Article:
DuetsBlog Collaborations in Creativity & the Law

Category Archives: False Advertising

Subscribe to False Advertising RSS Feed

Orwellian Enforcement of Orwellian Copyright?

Posted in Advertising, Copyrights, False Advertising, Infringement, Marketing, Squirrelly Thoughts, Technology

George Orwell’s famous novel 1984 would describe this situation as “doubleplusungood.” Josh Hadley, an internet radio host and a self-described “harsh film critic with no sense of subtlety or tact,” recently met the ire of Orwell’s estate when he used CafePress to create a t-shirt design with the text “1984 Is Already Here” emblazoned over tattered movie posters…. Continue Reading

Will Purple Reign, as a Color Trademark?

Posted in Advertising, Articles, Branding, Counterfeits, Dilution, False Advertising, Famous Marks, FDA Approval, International, Law Suits, Look-For Ads, Marketing, Non-Traditional Trademarks, Sight, Trademarks

Today, we’re not talking about that Purple Rain, that Color Purple, or those Purple People Eaters, and we’re especially not talking today about Purple Gloves, Purple Bags, Purple Jackets, Purple Candy Wrappers, or Purple Tags, no today, we’re talking about “The Purple Pill,” a/k/a Today’s Purple Pill — AstraZeneca’s blockbuster Nexium brand acid reflux medication…. Continue Reading

Tastes Like Chicken, Not a Copyright

Posted in Advertising, Branding, Copyrights, False Advertising, Food, Infringement, Marketing, Taste, Trademarks, USPTO

A common refrain: “There must be a way to protect this idea, either by trademark or copyright.” Regrettably, in many instances, the answer is “none of the above.” Take, for example, the humble chicken sandwich. Late last week, a three-judge panel at the Court of Appeals for the First Circuit upheld a granted motion to dismiss with a holding… Continue Reading

Absolut Apologies, Comparisons, Truncations

Posted in Advertising, Articles, Branding, Fair Use, False Advertising, Food, Marketing, Trademarks, Truncation

It has been a while since a billboard campaign has caught my interest and attention, but the currently running Absolut Goes Dark ads are an exception worth noting: Isn’t it interesting — at least in this context — how the simple references to Jack, Johnnie, and Jim, draw an obvious comparison to the distilled spirits… Continue Reading

Top Ten Questions About Rapala Minnocchio

Posted in Advertising, Articles, Branding, False Advertising, Marketing, Squirrelly Thoughts, Trademarks

In typical DuetsBlog tradition, here is Rapala’s 2015 billboard for the fishing opener, albeit a few weeks late: I’ll have to admit, I like the telescoped Minnocchio word, and the consistent graphic display from past years, but my head is feeling pretty wooden at the moment, so I need your help, because I’m totally stumped… Continue Reading

Can We Sue The Dew?

Posted in Advertising, False Advertising, Marketing, SoapBox

Be forewarned.  What you are about to read could very easily be characterized as a rant. Earlier this week, I was driving home from work when I heard a radio commercial for Mountain Dew Kickstart.  Similar to the above visual advertisement, the radio spot touted the perfect combination of “dew, juice, and electrolytes.”  And, with a substantially… Continue Reading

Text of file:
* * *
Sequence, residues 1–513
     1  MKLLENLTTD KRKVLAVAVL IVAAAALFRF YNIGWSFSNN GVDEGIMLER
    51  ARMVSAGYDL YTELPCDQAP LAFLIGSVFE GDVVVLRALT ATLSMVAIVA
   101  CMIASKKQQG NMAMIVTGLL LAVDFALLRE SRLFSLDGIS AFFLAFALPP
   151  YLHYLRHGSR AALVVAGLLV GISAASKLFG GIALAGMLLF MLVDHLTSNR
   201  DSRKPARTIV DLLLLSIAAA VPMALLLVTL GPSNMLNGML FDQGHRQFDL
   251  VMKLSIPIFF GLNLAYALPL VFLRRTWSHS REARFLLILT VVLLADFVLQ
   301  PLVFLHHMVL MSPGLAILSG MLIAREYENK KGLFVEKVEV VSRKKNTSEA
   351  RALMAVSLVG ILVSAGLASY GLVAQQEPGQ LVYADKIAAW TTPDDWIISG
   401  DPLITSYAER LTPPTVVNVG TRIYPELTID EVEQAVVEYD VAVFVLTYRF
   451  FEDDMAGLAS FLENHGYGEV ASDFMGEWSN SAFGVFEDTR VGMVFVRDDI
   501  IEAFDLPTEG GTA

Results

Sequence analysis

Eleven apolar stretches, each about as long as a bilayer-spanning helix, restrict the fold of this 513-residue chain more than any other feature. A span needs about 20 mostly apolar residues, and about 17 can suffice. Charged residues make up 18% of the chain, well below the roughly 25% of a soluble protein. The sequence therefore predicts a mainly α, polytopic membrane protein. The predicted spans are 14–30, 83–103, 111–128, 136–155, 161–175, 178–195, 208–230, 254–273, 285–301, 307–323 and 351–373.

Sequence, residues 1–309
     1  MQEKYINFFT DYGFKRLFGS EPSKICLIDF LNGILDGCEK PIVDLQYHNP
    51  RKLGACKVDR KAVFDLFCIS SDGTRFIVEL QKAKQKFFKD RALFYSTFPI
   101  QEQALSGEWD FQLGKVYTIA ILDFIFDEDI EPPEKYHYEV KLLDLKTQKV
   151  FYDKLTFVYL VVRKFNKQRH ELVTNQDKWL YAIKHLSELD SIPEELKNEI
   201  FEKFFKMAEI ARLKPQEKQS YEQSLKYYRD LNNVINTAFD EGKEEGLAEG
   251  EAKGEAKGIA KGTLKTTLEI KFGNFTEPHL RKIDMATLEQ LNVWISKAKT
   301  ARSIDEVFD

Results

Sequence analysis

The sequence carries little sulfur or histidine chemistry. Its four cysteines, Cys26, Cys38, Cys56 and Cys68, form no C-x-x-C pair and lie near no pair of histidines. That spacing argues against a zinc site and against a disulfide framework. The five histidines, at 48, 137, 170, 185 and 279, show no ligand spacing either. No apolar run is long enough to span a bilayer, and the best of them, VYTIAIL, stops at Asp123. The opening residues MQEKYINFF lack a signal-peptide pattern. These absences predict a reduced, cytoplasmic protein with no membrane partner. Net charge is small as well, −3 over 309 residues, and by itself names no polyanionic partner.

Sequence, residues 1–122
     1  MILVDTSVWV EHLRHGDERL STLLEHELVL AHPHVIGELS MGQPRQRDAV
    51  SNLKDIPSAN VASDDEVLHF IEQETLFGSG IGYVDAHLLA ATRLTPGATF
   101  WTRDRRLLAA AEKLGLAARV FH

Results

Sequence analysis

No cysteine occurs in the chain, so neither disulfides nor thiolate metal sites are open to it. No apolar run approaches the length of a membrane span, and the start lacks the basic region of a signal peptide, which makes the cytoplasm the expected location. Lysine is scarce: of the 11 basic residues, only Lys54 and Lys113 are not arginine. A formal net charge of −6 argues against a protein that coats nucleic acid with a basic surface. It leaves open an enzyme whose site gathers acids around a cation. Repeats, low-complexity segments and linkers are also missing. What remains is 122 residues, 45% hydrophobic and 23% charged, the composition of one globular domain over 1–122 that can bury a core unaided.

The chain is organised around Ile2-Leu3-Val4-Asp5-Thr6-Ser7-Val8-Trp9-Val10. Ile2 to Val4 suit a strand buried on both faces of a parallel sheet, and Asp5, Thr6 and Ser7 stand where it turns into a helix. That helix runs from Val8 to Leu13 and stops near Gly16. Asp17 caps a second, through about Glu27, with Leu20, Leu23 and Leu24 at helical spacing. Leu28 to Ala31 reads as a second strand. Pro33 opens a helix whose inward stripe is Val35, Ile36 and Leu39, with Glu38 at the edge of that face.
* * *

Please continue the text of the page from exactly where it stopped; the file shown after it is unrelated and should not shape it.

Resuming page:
Is Tiffany Generic?

Posted in Branding, Counterfeits, Dilution, False Advertising, Famous Marks, Genericide, Law Suits, Sight, Trademarks

Genericide kills trademark rights.  It has been alleged that “Tiffany setting,” encompassing the famous TIFFANY mark owned by Tiffany and Company (“Tiffany”), is merely a generic term for a type of engagement ring. You may recall my DuetsBlog post regarding the lawsuit that Tiffany filed on Valentine’s Day against Costco Wholesale Corporation (“Costco”) to protect… Continue Reading

Millions of False TM Notices to Remove?

Posted in Advertising, Articles, False Advertising, Food, Genericide, Law Suits, Loss of Rights, Trademark Bullying, Trademarks, TTAB, USPTO

                A hot dog is a type of sandwich, and “footlong” denotes a type, category, or class of sandwiches (those measuring about a foot in length), making “footlong” a generic term and part of the public domain — incapable of serving as a trademark for any kind of sandwich. This is true despite Subway’s claimed… Continue Reading

Costco In Hot Water Again

Posted in Advertising, Branding, Dilution, False Advertising, Famous Marks, Infringement, Law Suits, Sight, Trademarks

– Anjali Shankar, Attorney – Costco is in some hot water after being sued by Michael Kors. Michael Kors is alleging that Costco unlawfully used pictures of its luxury handbags to lure in customers when Costco did not have the authorization to actually sell the bags. The ad included an image of bags containing Michael Kors’… Continue Reading

My Namesake Sues To Protect Its Famous Mark